An environment for innovationJanuary 11, 2021
Nabil Al Alawi, CEO of AlMansoori Specialized Engineering, talks to The Energy Year about the importance of creating an environment for innovative solutions such as the company’s smart well testing unit and extended-reach logging cable. AlMansoori Specialized Engineering is an oilfield tubular services company with a manufacturing and fabrication unit, as well as an integrated project services division.
How has the company been affected by the Covid-19 pandemic?
From a business perspective, the pandemic has not affected us much. We are lucky we are in oil and gas services and not into major projects with big capital investments. When the government decided because of the pandemic and lack of demand to stop major capital investments, a lot of people in those areas felt it. But you need oilfield services to produce oil – that does not stop.
The way of conducting business, however, has changed. It has been challenging because of border shutdowns, travel restrictions and logistical delays. Our workforce used to work one month on and one month off, and we can’t do that anymore because the people who were to replace them are stuck in their countries due to lockdowns.
Our long-term policy of creating a workforce that is happy and feels this is a family environment prevented us from having to suffer what our competitors went through with many people leaving.
What do you consider to be your key achievements in 2020?
Covid accelerated our plan to minimise the people needed to run oil equipment, create more artificial intelligence tools and start working on remote control systems.
We introduced our first smart testing unit to test the quality of the oil before it’s put in the flowline. This determines how much water and gas it contains and whether it has impurities. We used to do that manually.
In addition, we also introduced the world’s first smart testing unit. Now our clients are very interested to see if this is how we should do testing in the future in case there are new disruptions such as another virus or a war. Instead of having eight or nine people running that unit, you can have just one or two, so you can have a sustainable testing process without relying on people. This innovation has put us in the position of being a leader, as well as spurring us to look at other equipment where we can apply the same smart systems.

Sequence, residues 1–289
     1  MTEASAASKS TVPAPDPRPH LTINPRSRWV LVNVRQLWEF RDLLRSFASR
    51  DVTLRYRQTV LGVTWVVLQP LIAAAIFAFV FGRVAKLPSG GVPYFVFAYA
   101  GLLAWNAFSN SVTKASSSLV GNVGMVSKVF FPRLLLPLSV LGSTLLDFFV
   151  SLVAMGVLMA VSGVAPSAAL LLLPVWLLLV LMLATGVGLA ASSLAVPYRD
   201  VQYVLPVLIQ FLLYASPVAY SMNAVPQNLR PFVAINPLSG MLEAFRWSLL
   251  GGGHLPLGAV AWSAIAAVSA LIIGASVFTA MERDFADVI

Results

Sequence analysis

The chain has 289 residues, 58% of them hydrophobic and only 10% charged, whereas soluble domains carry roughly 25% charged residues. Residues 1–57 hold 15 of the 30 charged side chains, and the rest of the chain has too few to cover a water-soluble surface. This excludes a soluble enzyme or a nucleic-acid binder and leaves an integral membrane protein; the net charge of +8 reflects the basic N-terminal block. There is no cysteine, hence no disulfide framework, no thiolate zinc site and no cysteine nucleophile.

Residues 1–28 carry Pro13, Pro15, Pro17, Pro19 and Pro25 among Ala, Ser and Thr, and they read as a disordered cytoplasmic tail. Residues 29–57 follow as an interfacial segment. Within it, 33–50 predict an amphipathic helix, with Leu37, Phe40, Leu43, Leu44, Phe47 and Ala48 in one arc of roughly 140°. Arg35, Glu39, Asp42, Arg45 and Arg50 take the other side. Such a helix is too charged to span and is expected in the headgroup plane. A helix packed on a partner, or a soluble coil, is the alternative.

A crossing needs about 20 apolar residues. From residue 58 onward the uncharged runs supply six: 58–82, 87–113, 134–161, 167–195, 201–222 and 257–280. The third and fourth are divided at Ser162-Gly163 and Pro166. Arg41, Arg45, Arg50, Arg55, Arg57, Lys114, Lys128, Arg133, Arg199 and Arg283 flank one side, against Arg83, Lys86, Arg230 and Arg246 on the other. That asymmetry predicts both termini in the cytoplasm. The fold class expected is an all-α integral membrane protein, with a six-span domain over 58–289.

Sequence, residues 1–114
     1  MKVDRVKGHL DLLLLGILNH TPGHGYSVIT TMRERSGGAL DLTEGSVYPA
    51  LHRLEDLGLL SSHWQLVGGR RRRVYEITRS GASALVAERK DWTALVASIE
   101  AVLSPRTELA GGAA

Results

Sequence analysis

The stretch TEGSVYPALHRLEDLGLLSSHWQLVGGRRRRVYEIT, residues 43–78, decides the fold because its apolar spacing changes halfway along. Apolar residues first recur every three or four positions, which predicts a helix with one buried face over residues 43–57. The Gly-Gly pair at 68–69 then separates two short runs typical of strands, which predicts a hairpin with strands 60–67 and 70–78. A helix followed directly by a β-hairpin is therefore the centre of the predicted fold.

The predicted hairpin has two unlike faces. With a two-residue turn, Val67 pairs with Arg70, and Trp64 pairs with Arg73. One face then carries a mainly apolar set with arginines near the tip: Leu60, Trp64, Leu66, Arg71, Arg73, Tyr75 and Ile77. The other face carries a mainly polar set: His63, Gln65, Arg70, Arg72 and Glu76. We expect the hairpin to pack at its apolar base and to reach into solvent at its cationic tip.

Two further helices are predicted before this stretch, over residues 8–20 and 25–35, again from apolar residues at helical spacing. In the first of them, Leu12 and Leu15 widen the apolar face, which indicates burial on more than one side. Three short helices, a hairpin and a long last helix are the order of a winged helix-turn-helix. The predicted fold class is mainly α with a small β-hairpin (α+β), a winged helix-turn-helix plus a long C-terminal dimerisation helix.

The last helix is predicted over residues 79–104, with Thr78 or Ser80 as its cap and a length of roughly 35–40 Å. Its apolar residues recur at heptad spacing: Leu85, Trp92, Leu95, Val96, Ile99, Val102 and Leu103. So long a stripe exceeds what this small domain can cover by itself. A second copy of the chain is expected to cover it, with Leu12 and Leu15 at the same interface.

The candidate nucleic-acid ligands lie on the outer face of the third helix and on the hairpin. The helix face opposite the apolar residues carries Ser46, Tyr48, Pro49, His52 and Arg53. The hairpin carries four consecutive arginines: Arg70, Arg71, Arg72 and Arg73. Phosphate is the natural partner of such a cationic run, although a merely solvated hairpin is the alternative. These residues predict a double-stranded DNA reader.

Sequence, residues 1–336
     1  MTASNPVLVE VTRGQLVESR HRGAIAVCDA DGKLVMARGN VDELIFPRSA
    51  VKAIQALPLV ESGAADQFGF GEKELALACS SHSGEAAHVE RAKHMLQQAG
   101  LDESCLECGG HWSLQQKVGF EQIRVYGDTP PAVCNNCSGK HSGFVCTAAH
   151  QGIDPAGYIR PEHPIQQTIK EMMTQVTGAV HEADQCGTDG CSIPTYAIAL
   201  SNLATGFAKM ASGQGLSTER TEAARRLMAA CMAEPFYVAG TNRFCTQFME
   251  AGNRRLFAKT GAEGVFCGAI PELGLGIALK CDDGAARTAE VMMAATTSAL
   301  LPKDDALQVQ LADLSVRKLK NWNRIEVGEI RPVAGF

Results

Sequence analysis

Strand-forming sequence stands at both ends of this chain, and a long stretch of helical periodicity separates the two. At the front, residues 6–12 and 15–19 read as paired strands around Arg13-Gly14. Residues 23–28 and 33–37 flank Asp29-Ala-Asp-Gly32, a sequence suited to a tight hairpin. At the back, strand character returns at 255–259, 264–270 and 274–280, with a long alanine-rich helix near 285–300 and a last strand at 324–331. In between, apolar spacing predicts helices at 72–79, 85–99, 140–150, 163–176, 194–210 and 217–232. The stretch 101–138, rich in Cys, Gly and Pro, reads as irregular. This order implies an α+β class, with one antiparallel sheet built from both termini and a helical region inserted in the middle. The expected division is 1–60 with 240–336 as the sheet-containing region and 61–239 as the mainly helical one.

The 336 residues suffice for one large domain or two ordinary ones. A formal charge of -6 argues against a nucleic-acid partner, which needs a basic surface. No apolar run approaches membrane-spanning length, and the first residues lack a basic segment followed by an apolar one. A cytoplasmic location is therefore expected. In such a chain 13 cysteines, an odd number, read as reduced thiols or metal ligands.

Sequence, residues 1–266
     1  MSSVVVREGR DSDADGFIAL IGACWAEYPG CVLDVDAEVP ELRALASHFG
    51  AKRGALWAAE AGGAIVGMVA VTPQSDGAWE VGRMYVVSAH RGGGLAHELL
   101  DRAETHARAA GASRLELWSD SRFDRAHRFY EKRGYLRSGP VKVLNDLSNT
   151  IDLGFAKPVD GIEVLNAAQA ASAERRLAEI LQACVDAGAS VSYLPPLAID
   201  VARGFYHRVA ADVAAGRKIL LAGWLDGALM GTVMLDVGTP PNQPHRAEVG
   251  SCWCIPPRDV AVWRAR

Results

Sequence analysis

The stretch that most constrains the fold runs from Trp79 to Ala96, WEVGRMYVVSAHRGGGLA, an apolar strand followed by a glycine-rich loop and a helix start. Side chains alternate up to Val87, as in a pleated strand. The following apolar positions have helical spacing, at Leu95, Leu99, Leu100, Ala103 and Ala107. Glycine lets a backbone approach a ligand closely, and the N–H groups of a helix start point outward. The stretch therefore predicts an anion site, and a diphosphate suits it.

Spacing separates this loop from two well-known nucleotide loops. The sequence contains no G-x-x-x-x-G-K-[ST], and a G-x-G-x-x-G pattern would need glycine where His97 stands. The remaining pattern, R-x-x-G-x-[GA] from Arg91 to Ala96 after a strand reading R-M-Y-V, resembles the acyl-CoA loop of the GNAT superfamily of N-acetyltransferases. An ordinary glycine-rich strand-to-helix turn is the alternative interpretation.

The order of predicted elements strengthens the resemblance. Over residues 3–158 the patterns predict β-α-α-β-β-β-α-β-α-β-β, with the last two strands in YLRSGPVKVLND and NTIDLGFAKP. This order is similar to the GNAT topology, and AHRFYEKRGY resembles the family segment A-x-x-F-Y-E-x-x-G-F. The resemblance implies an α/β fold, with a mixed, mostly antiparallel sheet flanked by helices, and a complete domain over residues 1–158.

What can be done to ensure local companies incorporate innovative solutions?
The unfortunate thing is that in Abu Dhabi, we don’t have the facilities or incentives from our government to create the innovative environment needed for local companies like ours who are anxious to use all our experience and the ideas we have developed to make the business more efficient and affordable. This takes a lot of money and R&D, and the system here doesn’t encourage that in the way we see in, say, Norway, where the government and universities support ideas and provide financial incentives to small companies to come up with new ideas. We don’t have that kind of environment in our oil industry here.
Are you considering any new joint ventures at the moment?
Our existing joint ventures have been active for more than 30 years, supplying key products for specific needs in the industry. We have one for chemicals, another for pump repairs and another for rig equipment repairs. Those ventures have been very successful and we are looking at other projects, but that has been on hold during the pandemic. We want to see how things settle before we get into further investments.
What kinds of products or equipment are you looking to manufacture locally?
We are looking into IT-related products. We think that is the future and manufacturing them requires less capital investment. We are looking at small companies with innovative ideas. We are small enough to make decisions quickly, as we don’t have a huge board of directors.